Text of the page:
• 1st Long Range Recon Group (Grupul 1 Recunoaștere Îndepărtată)
    • 1st Long Range Recon Squadron
    • 2nd Long Range Recon Squadron
    • 3rd Long Range Recon Squadron
    • 4th Long Range Recon Squadron
  • 1st Guard Group
  • 2nd Guard Group

Transport Units

  • Air Transport Group (Grupul de Aero-Transport)
    • 105th Transport Squadron
    • 106th Transport Squadron
    • 107th Transport Squadron
    • 108th Light Transport Squadron - known as Escadrila Albă ("White Squadron")
    • 109th Glider Transport Squadron

Liaison Units

  • 111th, 112th, 113th, 115th, 116th Liaison Squadrons (Escadrile de Legătură)

Aircraft companies[edit]

IAR 81 no. 91 in 1943.

Aircraft constructed under foreign license or assembled

Enemy aircraft interned or captured[edit]

As a result of the Soviet Invasion of Poland, a large number of Polish Air Force aircraft were interned in Romania. Also, some Soviet aircraft were captured during World War II, as well as a few American B-24 Liberator bombers.

Aircraft of RRAF[edit]

Aircraft manufactured in Romania from 1924 until the end of World War II[edit]

All of the aircraft listed below were completed before the end of World War II. Prototypes are omitted from the list. Unless specified otherwise, all aircraft machine guns have the caliber of 7.92 mm:[6][7]

Model Type Number Armament
Proto 2 Training 25 Unarmed[8]
SET 7K Training, communication, observation 20 2 x 7.7 mm Lewis guns (twin mount)
SET 7KB Reconnaissance and observation 20 2 x 7.7 mm Lewis guns (twin mount)
1 x 7.7 mm Vickers machine gun
6 x 12 kg bombs
SET 7KD Communication 20 1 x 7.7 mm Lewis gun
Potez 25 Reconnaissance bomber 184 3 x 7.7 mm machine guns
200 kg of bombs
IAR 37 Light bomber 50 4 x Browning machine guns
12 x 50 kg bombs
IAR 38 Reconnaissance and artillery spotting 75 3 x Browning machine guns
24 x 12 kg bombs
IAR 39 Reconnaissance and light bomber 255 3 x Browning machine guns
24 x 12 kg bombs
Fieseler Fi 156 Reconnaissance and communications 46[a] 1 x MG 15 machine gun
Fleet 10G Training and communications 415 Unarmed
PZL P.11f Fighter 95 4 x FN Browning machine guns
24 x 12 kg bombs (38)
Grenade launchers (57)
PZL P.24E Fighter 25 2 x machine guns
2 x 20 mm cannons
2 x 50 kg (110 lb) bombs
Grenade launchers
Bf 109Ga-2 Fighter 49 1 x 20 mm/3 x 20 mm MG 151 cannons
2 x MG 17 machine guns
1 x 500 kg/4 x 50 kg bomb(s)
Bf 109Ga-4 Fighter 13 1 x 20 mm MG 151 cannon
2 x MG 17 machine guns
1 x 250 kg/4 x 50 kg bomb(s)
Bf 109Ga-6 Fighter 62[b] 1 x 20 mm MG 151 cannon
2 x 13 mm MG 131 heavy machine guns
1 x 250 kg bomb
IAR 80 Fighter 50 4 x FN Browning machine guns
IAR 80A Fighter 90 6 x FN Browning machine guns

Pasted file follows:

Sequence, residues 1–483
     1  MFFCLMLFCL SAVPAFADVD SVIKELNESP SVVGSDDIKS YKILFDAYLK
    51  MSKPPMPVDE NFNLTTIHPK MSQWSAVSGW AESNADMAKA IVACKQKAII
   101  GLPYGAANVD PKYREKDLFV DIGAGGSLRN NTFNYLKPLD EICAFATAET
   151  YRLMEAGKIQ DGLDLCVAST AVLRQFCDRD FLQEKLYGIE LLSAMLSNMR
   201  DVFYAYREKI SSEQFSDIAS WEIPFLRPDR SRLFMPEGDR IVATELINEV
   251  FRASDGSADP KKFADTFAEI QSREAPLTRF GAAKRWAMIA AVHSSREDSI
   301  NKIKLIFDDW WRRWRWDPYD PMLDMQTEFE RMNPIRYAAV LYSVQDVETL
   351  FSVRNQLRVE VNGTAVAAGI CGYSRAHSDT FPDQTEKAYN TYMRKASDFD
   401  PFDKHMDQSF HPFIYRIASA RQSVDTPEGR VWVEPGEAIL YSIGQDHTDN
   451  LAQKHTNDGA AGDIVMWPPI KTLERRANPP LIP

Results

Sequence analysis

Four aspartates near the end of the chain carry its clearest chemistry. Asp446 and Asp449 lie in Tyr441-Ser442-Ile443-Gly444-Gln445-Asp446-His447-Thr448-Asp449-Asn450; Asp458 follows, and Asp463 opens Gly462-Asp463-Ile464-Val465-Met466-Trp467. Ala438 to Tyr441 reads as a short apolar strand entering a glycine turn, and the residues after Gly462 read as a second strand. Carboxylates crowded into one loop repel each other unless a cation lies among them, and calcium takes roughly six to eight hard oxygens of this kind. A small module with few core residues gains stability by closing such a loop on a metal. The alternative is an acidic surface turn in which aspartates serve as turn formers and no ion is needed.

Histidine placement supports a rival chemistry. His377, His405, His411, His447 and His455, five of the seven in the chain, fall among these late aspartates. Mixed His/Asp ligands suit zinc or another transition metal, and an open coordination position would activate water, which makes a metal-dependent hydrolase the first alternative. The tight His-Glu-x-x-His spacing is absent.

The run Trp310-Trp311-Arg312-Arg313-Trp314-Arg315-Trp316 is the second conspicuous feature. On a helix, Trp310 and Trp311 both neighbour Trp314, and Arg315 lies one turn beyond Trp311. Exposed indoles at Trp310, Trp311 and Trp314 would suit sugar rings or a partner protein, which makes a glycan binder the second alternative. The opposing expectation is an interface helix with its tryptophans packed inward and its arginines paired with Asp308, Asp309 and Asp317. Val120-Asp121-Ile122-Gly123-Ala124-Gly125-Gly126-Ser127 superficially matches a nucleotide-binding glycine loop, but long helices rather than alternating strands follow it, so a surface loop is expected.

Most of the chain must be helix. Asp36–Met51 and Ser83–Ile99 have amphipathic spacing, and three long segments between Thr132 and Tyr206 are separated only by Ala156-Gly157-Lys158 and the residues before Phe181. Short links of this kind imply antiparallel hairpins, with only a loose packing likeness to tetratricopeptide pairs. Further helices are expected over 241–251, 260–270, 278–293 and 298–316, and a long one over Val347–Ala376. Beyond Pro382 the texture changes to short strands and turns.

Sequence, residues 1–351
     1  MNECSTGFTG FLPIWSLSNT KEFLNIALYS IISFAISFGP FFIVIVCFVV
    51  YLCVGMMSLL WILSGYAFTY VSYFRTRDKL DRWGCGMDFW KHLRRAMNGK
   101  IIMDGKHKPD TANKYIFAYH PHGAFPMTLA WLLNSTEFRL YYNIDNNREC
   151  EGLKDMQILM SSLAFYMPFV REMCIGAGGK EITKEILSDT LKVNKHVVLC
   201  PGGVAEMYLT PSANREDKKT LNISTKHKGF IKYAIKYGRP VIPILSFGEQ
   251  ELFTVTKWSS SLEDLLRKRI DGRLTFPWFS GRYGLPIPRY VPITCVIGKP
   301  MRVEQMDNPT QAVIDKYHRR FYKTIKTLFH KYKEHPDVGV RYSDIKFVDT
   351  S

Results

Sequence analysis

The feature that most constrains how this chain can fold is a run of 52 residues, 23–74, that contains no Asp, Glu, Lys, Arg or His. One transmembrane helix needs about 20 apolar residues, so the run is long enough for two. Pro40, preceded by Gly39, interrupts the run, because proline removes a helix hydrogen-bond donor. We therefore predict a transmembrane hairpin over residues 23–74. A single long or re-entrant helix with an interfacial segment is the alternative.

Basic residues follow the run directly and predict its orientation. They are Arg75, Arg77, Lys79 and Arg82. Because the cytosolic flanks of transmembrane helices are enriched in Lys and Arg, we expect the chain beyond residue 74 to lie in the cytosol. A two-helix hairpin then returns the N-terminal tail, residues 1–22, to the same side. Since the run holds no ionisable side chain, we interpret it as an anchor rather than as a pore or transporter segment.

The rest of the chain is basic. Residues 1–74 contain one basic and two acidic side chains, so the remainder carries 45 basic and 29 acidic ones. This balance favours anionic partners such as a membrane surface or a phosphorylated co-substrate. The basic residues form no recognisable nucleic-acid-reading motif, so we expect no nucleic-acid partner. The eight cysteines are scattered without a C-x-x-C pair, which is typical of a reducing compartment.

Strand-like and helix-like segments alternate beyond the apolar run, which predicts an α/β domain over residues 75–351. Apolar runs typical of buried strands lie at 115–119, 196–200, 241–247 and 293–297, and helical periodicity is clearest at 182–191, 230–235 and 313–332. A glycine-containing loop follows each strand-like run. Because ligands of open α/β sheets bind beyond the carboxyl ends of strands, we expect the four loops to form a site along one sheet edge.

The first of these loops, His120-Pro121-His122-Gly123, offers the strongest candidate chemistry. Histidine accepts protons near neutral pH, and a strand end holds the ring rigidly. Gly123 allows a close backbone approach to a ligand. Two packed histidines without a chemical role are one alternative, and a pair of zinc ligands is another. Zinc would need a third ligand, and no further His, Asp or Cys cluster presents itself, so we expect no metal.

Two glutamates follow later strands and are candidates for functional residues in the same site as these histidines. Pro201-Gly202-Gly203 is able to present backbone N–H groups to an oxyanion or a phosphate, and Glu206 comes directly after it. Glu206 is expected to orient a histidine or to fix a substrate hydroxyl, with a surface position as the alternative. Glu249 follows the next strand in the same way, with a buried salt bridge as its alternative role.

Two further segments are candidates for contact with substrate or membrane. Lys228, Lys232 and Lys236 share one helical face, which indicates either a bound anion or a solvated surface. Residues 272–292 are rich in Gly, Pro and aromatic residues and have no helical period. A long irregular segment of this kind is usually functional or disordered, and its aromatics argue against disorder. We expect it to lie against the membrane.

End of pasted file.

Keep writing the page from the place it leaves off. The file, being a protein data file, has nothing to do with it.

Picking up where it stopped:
IAR 80B Fighter 50 2 x 13.2 mm FN Browning heavy machine guns
4 x FN Browning machine guns
IAR 80C Fighter 60 2 x 20 mm Ikaria autocannons
4 x FN Browning machine guns
IAR 81 Fighter and dive bomber 50 6 x FN Browning machine guns (4 for 10 of them)
2 x 13.2 mm FN Browning heavy machine gun (10 of them)
1 x 225 bomb
2 x 50 kg bombs
IAR 81C Fighter 150 2 x 20 mm MG 151 autocannons
2 x FN Browning machine guns
2 x Werfer-Granate 21 (tested on one aircraft in 1944)
JRS-79B Bomber 36 5 x machine guns
1,575 kg of bombs
JRS-79B1 Bomber 31 1 x 20 mm Ikaria autocannon
7 x machine guns
1,400 kg of bombs
Savoia-Marchetti SM.62 Flying boat 5 4 x machine guns
600 kg of bombs

Aircraft Markings[edit]


  1. ^ Amount delivered by 1946.[5]
  2. ^ Number of aircraft finished before the end of the war not known.


  1. ^ "Anul 1936". RoAF.
  2. ^ a b Teodor Liviu Moroșanu; Dan Melinte (30 November 2010). Romanian Fighter Colors 1941-1945. MMPBooks. ISBN 978-8389450906.{{cite book}}: CS1 maint: uses authors parameter (link)
  3. ^ "Anul 1920". RoAF (in Romanian).
  4. ^ Dan Antoniu (23 April 2017). "O enigmă elucidată". art-emis (in Romanian).
  5. ^ a b Horia Stoica, Vasile Radu (2018). German aircraft in Romania - Fieseler Fi 156 Storch. Host Models.{{cite book}}: CS1 maint: uses authors parameter (link)
  6. ^ Mark Axworthy, London: Arms and Armour, 1995, Third Axis, Fourth Ally: Romanian Armed Forces in the European War, 1941–1945, pp. 239-272
  7. ^ Dan Antoniu (2014). Illustrated History of Romanian Aeronautics. p. 89. ISBN 978-973-0-17209-6.
  8. ^ Ion Gudju, Gheroghe Iacobescu, Ovidiu Ionescu (1974). Romanian Aeronautical Constructions 1905-1974 (PDF).{{cite book}}: CS1 maint: uses authors parameter (link)


  • Axworthy, Mark (September–October 1999). "Flank Guard: Romania's Advance on Stalingrad, Part Two". Air Enthusiast (65): 72–75. ISSN 0143-5450.
  • Bernád, Dénes (July 1999). "Courrier des Lecteurs" [Readers' Letters]. Avions: Toute l'aéronautique et son histoire (in French) (76): 15–16. ISSN 1243-8650.
  • Bernád, Dénes (May 1999). "Histoire des forces aeriennes royales roumaines pendant la Seconde Guerre Mondiale" [History of the Royal Romanian Air Force During the Second World War] (in French) (74): 7–13. ISSN 1243-8650. {{cite journal}}: Cite journal requires |journal= (help)
  • Bernád, Dénes (June 1999). "Histoire des forces aeriennes royales roumaines pendant la Seconde Guerre Mondiale" (in French) (75): 7–14. ISSN 1243-8650. {{cite journal}}: Cite journal requires |journal= (help)

External links[edit]